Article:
Legend has it that rum got its name from a Latin word for sugar, saccharum. That also provides a hint about how it’s made. Rum is made by fermenting and distilling sugarcane molasses or sugarcane juice. It became popular in the 18th century as colonialism landed on tropical shores with an abundance of sugarcane. Hence its association with pirates. Rum is known to add a cozy spice to winter cocktails.
- Flavor profile: sweet, toasty, sometimes spicy
- Aging: oak barrels, up to 10 years (the longer its aged, the darker it is)
- Styles: British rum, Spanish rum, English rum
- Famous distillers: Bacardi, Captain Morgan, Havana Club
- Alcohol content: Typically 40%, can go up to 75%
- Glassware: rocks glass, grappa glass, snifter
- In cocktails: rum and coke, daiquiri, Mai Tai, piña colada
Gin is made by first creating a neutral spirit then redistilling it with the addition of a combination of botanicals. That means seeds, berries, spices, roots, and herbs. Juniper berries (an antioxidant used is some aphrodisiac drinks) were the earliest and most popular botanical used to create gin. The English word gin comes from the French word for juniper, genévrier.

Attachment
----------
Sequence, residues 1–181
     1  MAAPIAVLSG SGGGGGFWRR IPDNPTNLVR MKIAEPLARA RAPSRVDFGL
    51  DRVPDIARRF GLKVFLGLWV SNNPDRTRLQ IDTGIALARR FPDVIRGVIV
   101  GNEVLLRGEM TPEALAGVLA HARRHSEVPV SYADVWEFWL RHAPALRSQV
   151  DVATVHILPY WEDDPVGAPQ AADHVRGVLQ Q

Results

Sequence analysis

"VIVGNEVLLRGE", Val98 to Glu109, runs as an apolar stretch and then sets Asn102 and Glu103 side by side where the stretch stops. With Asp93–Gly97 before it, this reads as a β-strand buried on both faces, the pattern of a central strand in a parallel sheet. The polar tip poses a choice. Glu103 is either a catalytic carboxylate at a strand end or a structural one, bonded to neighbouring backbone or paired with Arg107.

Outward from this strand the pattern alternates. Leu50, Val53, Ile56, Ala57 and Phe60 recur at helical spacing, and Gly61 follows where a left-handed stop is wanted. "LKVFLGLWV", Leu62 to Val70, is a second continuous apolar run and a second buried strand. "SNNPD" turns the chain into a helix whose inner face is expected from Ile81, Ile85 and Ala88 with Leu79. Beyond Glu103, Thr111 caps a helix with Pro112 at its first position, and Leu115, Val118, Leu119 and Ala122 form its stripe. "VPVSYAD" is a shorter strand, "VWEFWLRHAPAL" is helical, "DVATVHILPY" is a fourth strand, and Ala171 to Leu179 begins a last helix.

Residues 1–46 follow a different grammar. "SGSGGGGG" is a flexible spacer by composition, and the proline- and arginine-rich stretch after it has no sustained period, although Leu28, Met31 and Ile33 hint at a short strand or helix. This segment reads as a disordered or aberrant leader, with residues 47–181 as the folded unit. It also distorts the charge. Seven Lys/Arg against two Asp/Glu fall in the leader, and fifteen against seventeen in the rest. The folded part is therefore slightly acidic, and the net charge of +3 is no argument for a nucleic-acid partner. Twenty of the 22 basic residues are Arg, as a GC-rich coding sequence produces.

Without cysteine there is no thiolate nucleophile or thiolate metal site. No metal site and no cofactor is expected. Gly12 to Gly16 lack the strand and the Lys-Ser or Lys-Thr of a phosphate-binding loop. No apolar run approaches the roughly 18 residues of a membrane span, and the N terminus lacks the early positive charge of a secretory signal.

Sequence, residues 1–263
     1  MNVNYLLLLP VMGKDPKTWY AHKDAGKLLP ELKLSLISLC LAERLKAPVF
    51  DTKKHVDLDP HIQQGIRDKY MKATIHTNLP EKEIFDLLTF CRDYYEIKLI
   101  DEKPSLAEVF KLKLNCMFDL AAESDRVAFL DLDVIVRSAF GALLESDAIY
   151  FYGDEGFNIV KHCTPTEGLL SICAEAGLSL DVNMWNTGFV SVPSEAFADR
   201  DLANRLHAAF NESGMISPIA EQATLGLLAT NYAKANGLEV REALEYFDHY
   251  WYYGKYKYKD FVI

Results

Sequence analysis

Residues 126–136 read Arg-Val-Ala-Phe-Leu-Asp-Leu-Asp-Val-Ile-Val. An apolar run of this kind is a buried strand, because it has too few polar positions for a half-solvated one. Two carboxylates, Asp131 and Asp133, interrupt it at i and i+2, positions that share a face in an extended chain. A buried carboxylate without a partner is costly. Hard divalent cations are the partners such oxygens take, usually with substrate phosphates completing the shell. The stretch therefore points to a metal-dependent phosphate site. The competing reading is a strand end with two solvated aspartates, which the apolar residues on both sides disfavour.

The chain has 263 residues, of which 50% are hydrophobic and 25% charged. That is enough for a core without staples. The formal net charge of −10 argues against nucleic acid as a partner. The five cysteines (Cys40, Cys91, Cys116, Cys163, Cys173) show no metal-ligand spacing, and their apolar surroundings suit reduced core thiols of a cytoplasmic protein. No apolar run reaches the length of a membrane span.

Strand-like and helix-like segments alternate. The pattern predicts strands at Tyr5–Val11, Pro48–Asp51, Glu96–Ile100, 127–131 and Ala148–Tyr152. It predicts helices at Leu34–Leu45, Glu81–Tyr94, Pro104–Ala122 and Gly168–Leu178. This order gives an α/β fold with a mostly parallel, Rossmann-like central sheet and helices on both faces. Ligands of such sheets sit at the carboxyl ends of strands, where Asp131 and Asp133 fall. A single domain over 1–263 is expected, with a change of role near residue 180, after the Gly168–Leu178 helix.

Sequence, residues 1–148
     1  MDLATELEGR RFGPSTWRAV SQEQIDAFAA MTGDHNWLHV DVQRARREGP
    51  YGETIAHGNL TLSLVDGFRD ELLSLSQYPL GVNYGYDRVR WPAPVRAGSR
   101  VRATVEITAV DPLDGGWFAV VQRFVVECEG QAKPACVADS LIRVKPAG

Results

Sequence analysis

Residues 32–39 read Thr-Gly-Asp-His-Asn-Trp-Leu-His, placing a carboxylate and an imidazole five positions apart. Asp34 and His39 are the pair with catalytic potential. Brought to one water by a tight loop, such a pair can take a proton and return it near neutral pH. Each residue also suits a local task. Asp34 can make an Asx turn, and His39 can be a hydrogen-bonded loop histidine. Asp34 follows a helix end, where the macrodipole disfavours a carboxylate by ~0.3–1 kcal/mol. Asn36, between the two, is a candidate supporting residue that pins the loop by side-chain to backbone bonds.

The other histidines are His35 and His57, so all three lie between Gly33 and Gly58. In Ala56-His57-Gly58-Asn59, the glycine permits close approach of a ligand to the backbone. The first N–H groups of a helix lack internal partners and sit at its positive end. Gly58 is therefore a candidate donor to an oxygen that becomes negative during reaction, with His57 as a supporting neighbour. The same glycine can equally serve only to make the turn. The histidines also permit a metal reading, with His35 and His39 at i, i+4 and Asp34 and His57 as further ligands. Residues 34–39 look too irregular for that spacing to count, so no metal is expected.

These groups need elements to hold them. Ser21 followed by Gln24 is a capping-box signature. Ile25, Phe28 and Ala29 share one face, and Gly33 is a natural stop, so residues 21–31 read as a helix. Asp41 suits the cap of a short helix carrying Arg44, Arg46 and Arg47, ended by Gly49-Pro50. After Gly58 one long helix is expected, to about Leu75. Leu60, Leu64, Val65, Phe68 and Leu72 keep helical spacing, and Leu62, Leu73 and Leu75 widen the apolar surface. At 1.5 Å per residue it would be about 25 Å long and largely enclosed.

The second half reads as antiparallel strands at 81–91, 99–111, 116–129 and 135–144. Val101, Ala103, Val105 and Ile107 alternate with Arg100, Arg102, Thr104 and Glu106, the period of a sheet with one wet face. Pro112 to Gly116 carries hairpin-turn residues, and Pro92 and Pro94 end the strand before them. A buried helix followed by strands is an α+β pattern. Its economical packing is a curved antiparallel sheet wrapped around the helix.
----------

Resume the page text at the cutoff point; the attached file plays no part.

- Flavor profile: depends entirely on the botanicals, common flavors include juniper, anise, coriander, fennel, and citrus peel
- Aging: Sometimes oak barrels, up to six months
- Styles: London dry, Genever, New American
- Famous distillers: Beefeater, Tanqueray, Bombay Sapphire
- Alcohol content: At least 40%
- Glassware: martini glass, rocks glass, inward-curving stemmed glass
- In cocktails: gin and tonic, Negroni, gimlet, martini, Tom Collins
Whiskey is made from fermented (and sometimes malted) grain mash, typically using barley, corn, rye, or wheat.